Sunday, January 4, 2009

God's Dog: The North American Coyote (A Review)

A few weeks back, I posted an especially endearing passage from Hope Ryden's God's Dog: The North American Coyote. I felt it superbly illustrated what a wonderful creature this much-maligned predator actually is.

The excerpt also exhibited Ryden's strong dedication to her subject. She spent two years camping, often under difficult conditions, in isolated backwater areas of Montana and Wyoming, watching her coyotes for hours while trying not to alert them of her presence (not an easy thing to accomplish – they have excellent smell and hearing). At one point, her life became endangered when she got lost in deep snow. But most impressive is that she was actually able to keep of track specific individuals over the course of months. How she was able to recognize them after being away for weeks is beyond me, but the insights she gained as a result are well worth the effort and will doubtlessly transform any reader into a coyote lover as their eyes are opened to their hidden world. Coyotes are, after all, notoriously secretive, a trait that has undeniably contributed to their plentiful numbers and incredible adaptability. The puppy chapter is as adorable as expected (Dad is at one point described as "long-suffering"), although the parents' poor treatment of the "nanny" is rather sad. They also seem to have the astonishing ability to produce a mouse on demand for their babies to play with.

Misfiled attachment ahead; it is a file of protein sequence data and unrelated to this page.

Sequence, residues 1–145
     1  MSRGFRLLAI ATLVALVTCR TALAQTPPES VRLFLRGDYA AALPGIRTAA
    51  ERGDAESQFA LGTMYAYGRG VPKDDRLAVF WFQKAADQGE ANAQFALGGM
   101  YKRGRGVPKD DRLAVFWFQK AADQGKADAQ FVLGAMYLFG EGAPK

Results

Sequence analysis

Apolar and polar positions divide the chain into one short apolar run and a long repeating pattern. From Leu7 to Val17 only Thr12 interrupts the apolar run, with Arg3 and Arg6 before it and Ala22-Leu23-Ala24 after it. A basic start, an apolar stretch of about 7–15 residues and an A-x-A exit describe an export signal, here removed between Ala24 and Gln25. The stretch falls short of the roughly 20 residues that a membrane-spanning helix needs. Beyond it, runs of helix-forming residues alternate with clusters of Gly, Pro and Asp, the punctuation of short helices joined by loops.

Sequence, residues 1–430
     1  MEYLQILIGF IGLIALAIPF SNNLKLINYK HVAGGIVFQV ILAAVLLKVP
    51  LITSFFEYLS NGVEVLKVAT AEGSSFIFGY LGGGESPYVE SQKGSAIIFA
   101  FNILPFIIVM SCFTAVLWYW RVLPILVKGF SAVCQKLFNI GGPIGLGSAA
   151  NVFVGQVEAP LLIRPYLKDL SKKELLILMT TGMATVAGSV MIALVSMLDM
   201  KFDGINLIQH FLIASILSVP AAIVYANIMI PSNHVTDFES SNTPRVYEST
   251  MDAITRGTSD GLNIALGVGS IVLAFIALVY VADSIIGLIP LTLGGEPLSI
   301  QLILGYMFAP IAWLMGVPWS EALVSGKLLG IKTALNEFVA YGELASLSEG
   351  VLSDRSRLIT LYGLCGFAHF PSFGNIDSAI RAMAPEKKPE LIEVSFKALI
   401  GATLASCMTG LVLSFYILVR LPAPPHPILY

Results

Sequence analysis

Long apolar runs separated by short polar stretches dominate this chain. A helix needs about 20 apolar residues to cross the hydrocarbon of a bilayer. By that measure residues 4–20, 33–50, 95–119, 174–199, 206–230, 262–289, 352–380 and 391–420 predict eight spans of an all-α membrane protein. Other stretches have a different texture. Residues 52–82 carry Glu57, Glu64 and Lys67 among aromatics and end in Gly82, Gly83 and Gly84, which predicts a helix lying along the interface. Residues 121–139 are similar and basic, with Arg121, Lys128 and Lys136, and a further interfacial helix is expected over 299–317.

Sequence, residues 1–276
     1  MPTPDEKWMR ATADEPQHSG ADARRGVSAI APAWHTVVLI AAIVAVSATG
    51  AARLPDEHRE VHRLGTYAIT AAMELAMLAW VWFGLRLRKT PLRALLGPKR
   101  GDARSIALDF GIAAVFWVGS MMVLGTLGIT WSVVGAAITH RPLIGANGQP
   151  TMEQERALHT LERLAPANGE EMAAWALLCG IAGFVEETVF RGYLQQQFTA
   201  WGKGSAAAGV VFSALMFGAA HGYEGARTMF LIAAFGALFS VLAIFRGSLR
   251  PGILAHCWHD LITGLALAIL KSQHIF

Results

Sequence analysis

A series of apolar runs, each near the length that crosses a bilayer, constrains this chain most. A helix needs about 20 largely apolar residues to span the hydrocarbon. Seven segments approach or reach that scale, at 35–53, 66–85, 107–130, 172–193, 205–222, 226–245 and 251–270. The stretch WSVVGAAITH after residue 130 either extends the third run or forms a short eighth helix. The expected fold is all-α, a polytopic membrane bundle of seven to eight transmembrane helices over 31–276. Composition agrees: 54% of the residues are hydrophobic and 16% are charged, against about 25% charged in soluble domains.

Although Ryden's focus was wild populations, a brief section that focused on "pet" coyotes is also highly informative. There was the female, for example, who took a black Lab as her mate for life and had a black puppy by him. Ryden's skills as a writer, as well as her obvious admiration for the animal, are at their best when she relates the story of beautiful Amber, whose mute sorrow tells of her betrayal by the humans who were meant to care for her. Charlie fans will certainly enjoy being able to compare Shreve Stockton's experiences.

It was actually Stockton's blog The Daily Coyote that first got me interested in the species, but it is God's Dog that contains all the requisite "technical" information that puts Charlie in greater context. Although the book was published in 1989, the field research was done in the mid-70's, which is reflected at times in Ryden's prose, particularly when she launches on a sort of hippie-esque rant about how the white man destroyed everything. But then again, her reports on the cruelty of "pest control" programs, as well as individual humans, may well prove her point. The bit about using guard dogs to watch sheep sounded very promising (instead of killing coyotes, they will often enact canine dominance rituals) and I wonder how widespread that has become since then. They should really come out with an updated edition, especially since the coyote's habitat has now expanded to all of North and Central America. Today, a book like this is more vital than ever.

But of course! "Crimes against humanity"! Let us all bow our heads and have a moment of silence in remembrance of a dark time in history, when a fanatical pack of coyotes rounded up millions of hunters and transported them to the gas chambers of Andersonville.

(Photos are from the Flickr group Honoring Coyotes.)


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